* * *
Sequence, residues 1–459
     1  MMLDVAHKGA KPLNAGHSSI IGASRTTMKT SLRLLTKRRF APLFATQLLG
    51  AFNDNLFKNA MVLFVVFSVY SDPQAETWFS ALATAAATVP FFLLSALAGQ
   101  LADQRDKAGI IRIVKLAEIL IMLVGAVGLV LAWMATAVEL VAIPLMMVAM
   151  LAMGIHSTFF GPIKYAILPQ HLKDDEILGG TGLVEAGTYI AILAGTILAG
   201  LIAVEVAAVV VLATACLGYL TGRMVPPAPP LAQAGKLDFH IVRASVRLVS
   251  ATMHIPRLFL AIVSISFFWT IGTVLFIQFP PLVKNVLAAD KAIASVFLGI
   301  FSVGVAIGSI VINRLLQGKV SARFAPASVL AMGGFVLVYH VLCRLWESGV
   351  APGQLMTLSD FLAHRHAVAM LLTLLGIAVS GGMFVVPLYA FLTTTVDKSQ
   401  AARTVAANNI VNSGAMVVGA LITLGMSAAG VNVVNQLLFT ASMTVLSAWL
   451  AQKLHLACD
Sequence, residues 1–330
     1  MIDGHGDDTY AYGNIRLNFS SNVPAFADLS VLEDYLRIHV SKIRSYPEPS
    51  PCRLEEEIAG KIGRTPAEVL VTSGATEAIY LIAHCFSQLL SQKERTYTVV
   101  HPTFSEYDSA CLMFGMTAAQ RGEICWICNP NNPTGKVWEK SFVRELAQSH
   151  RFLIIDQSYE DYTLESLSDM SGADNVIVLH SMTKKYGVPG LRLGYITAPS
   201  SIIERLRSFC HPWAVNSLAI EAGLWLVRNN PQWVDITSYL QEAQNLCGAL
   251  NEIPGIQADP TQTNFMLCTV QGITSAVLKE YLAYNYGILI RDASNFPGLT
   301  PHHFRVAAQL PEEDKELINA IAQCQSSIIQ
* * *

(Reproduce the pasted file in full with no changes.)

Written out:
Sequence, residues 1–459
     1  MMLDVAHKGA KPLNAGHSSI IGASRTTMKT SLRLLTKRRF APLFATQLLG
    51  AFNDNLFKNA MVLFVVFSVY SDPQAETWFS ALATAAATVP FFLLSALAGQ
   101  LADQRDKAGI IRIVKLAEIL IMLVGAVGLV LAWMATAVEL VAIPLMMVAM
   151  LAMGIHSTFF GPIKYAILPQ HLKDDEILGG TGLVEAGTYI AILAGTILAG
   201  LIAVEVAAVV VLATACLGYL TGRMVPPAPP LAQAGKLDFH IVRASVRLVS
   251  ATMHIPRLFL AIVSISFFWT IGTVLFIQFP PLVKNVLAAD KAIASVFLGI
   301  FSVGVAIGSI VINRLLQGKV SARFAPASVL AMGGFVLVYH VLCRLWESGV
   351  APGQLMTLSD FLAHRHAVAM LLTLLGIAVS GGMFVVPLYA FLTTTVDKSQ
   401  AARTVAANNI VNSGAMVVGA LITLGMSAAG VNVVNQLLFT ASMTVLSAWL
   451  AQKLHLACD
Sequence, residues 1–330
     1  MIDGHGDDTY AYGNIRLNFS SNVPAFADLS VLEDYLRIHV SKIRSYPEPS
    51  PCRLEEEIAG KIGRTPAEVL VTSGATEAIY LIAHCFSQLL SQKERTYTVV
   101  HPTFSEYDSA CLMFGMTAAQ RGEICWICNP NNPTGKVWEK SFVRELAQSH
   151  RFLIIDQSYE DYTLESLSDM SGADNVIVLH SMTKKYGVPG LRLGYITAPS
   201  SIIERLRSFC HPWAVNSLAI EAGLWLVRNN PQWVDITSYL QEAQNLCGAL
   251  NEIPGIQADP TQTNFMLCTV QGITSAVLKE YLAYNYGILI RDASNFPGLT
   301  PHHFRVAAQL PEEDKELINA IAQCQSSIIQ